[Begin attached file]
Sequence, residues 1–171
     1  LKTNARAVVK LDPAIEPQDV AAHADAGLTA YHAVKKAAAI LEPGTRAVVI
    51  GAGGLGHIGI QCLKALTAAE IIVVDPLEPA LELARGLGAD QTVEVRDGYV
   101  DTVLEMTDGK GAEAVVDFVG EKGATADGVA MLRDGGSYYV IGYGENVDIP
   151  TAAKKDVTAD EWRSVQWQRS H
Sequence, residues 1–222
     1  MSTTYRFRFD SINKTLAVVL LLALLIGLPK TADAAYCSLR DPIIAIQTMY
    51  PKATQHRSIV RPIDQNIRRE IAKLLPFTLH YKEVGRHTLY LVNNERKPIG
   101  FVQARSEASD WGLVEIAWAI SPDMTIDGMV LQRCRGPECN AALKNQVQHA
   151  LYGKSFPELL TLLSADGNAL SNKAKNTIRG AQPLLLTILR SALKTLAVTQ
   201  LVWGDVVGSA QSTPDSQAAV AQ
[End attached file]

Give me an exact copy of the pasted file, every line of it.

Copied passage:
Sequence, residues 1–171
     1  LKTNARAVVK LDPAIEPQDV AAHADAGLTA YHAVKKAAAI LEPGTRAVVI
    51  GAGGLGHIGI QCLKALTAAE IIVVDPLEPA LELARGLGAD QTVEVRDGYV
   101  DTVLEMTDGK GAEAVVDFVG EKGATADGVA MLRDGGSYYV IGYGENVDIP
   151  TAAKKDVTAD EWRSVQWQRS H
Sequence, residues 1–222
     1  MSTTYRFRFD SINKTLAVVL LLALLIGLPK TADAAYCSLR DPIIAIQTMY
    51  PKATQHRSIV RPIDQNIRRE IAKLLPFTLH YKEVGRHTLY LVNNERKPIG
   101  FVQARSEASD WGLVEIAWAI SPDMTIDGMV LQRCRGPECN AALKNQVQHA
   151  LYGKSFPELL TLLSADGNAL SNKAKNTIRG AQPLLLTILR SALKTLAVTQ
   201  LVWGDVVGSA QSTPDSQAAV AQ